Janet: As well as your own poetry, you’ve written columns on the subject and served as Utmost Christian Writers International Poetry Laureate (2006-2008). And one of your blogs, Line upon line, is writing-related. Teaching seems to be part of your focus too.

Violet: The experience of being Utmost Christian Writers’ Poet Laureate was a huge honour and the wherefore of my second book. 

Writing poetry how-to columns has motivated me to study the craft. I still write a regular (four-times-a-year) poetry column for FellowScript. Writing it forces me to think about how the process of writing poetry works and how I keep motivated so I can pass these things on to others.

As for teaching in general, I guess I have a little of that in my DNA. I have a degree in elementary education and taught in the public school system for a total of five years. Actually, my writing for children has been largely educational too. 

Janet: You also review books at Blogcritics, write a personal blog promptings, and run another blog Murals and More, where you post photographs of murals and public art. Have I left anything out?

Violet: One more thing comes to mind: a little storefront at Constant Content. That’s where I sell content for the web.

Janet: What got you started writing in the first place?

Violet: I started writing when I was in high school. A paper that we got when I was a kid (The Western Producer) had a section called the Young Cooperators Club that published the creative writing of children and teens. To join you gave yourself a pseudonym and submitted writing to the editor of your age group. I got my first taste of publication there as “Nell.”

I didn’t write much for public consumption during my early adult years but the dream of becoming a writer never died completely. After my children were in school, I decided to revive it. At the end of 1995 I enrolled in the “Writing for Children and Teens” course at the Institute for Children’s Literature and  sold my first piece of writing—a Keys for Kids devotion—in March of 1997. I’ve been freelancing ever since.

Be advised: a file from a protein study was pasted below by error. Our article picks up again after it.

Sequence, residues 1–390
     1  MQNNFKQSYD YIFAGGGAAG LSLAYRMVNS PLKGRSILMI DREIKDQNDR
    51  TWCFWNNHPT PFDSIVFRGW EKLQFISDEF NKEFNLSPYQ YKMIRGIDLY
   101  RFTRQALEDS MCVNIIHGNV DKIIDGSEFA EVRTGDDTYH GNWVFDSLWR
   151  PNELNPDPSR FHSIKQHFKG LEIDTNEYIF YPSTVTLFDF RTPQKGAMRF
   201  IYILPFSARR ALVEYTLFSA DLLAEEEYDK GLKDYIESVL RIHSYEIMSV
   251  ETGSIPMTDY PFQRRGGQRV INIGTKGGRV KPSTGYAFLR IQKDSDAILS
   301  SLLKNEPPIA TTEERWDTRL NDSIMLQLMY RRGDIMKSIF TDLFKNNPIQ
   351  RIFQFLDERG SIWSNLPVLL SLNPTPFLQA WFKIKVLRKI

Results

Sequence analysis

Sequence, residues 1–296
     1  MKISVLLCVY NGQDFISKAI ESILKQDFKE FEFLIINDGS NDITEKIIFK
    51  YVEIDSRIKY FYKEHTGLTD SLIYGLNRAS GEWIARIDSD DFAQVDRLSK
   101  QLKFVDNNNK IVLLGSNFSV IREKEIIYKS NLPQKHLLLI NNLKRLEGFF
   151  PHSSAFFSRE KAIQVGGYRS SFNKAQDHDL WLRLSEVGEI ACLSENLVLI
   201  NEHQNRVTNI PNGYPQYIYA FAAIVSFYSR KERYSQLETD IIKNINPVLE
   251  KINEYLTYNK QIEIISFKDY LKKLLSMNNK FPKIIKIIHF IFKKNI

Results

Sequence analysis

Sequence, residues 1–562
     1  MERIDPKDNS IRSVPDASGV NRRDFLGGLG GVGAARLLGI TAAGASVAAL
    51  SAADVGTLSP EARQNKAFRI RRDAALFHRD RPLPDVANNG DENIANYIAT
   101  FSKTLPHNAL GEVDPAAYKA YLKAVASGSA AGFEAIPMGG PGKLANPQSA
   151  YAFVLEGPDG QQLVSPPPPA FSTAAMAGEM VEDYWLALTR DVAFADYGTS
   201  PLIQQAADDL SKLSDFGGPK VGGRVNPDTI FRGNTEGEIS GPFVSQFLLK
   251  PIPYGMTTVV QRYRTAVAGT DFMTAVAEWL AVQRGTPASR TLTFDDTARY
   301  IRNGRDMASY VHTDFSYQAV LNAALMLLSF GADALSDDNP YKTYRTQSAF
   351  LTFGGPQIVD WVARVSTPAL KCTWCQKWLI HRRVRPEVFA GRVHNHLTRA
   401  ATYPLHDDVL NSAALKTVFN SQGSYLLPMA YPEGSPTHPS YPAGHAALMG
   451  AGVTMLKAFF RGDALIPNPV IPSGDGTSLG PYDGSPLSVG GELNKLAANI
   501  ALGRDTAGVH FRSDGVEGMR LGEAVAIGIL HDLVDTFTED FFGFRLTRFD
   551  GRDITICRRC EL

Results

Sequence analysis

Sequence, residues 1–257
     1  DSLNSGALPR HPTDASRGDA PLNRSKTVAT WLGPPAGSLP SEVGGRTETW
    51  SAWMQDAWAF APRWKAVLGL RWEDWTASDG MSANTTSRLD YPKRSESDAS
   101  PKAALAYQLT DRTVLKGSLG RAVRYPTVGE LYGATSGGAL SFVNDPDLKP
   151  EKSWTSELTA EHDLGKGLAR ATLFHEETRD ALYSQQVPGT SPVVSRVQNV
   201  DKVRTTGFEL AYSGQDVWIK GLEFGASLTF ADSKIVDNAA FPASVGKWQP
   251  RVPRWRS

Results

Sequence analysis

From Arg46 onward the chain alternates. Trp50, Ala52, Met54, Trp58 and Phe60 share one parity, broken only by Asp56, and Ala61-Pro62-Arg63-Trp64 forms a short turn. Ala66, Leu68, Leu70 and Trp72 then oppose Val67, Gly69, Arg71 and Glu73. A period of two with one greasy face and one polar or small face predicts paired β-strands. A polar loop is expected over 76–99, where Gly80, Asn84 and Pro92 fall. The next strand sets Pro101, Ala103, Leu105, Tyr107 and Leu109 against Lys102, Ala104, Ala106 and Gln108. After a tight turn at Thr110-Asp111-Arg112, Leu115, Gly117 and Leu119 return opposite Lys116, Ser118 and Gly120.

Janet: And what are you working on now?

Violet: Around 2002 I got an idea for a Bible fiction story (book-length). Over the years I’ve worked on that project, mostly doing research. In 2009 I spent the month of November (NaNoWriMo) writing the story that was in my head. Last spring I worked on it some more and entered it in the Word Alive Press (WAP) free publishing contest.

I was surprised when it made the list of finalists (released in September 2011). Destiny's Hands cover artI have decided to self-publish that book (called Destiny’s Hands, a fictional rendering of the story of Bezalel, the head craftsman of the tabernacle and its accessories—Exodus). I have just finished doing a six-week edit of that manuscript and got it off my desk and into the hands of my editor at WAP  mid-March.

Janet: Congratulations on reaching the publishing stage! Destiny’s Hands is now available, and I’m looking forward to reading it. The cover is beautiful.

Here’s the link to part 2 of this interview with Violet Nesdoly.

Take Flight Progressive Interview

Author and social networker Patty Wysong started Take Flight as a way to encourage, inspire and connect bloggers. This week’s Flight is a progressive interview, and the questions have been a lot of fun.

Here’s my question, and my Take Flight blogging friends’ answers. Each blogger’s name is linked to her own blog. Follow the links and discover other intriguing questions… and answers.

Thanks for setting this up, Patty!

Question: In what way(s) have your characters rubbed off on you? (for the better, we hope!)

Diana Lesire Brandmeyer: I’ve learned that I really do appreciate living in 2012 not 1886 but I have learned to take things at a slower pace. I’ve come to enjoy making dinner more than before and am learning to use herbs and fresh ingredients. I take time to enjoy the small tasks like baking and planting.

Sharon Clements Srock: I think my characters have made me a stronger person, more determined to go for what I want. It’s hard to write about determined women and be a wimp.

Joanne Sher: I think my main character has taught me SO much about myself – and even given me some ideas on handling conflicts and such. She started out as, basically, me transplanted to Biblical times. She’s becoming her own woman as I “fix her up,” but writing about her has made me see myself more clearly. Weird, eh?

Yvonne Blake: I think it’s often the other way around for me. I tend to put a little bit of myself in each of my characters. (Sometimes, though, I give them traits that I wish I had the courage to show – ex. boldness to speak up and act without fear of what others may say.)

Valerie Friesen Comer: Interesting question, because I usually think of it the other way: what of myself do I put in my characters? By giving my characters traits that I see in myself, though, I can push the envelope to make them deal with it. This helps me explore the trait and hopefully find ways to deal with it in my own life as well. But don’t go looking too deeply into my characters to find my issues! The characters are always a blend of a bunch of people with other traits tossed into the mix.

Linda McQuinn Carlblom: My characters keep me young! They’re all children, none over 14 or 15, and they force me to think and speak like someone their age. I have to remember how I felt at their age and write that into the story. So I have a greater empathy for kids because of my characters.

Donna Winters: I seem to sympathize emotionally with my characters. If they’re having a bad scene, my husband says I’m irritable. I find their snappy dialog slipping into my real-life dialog. Poor Fred. He’s quite tolerant and forgiving. 🙂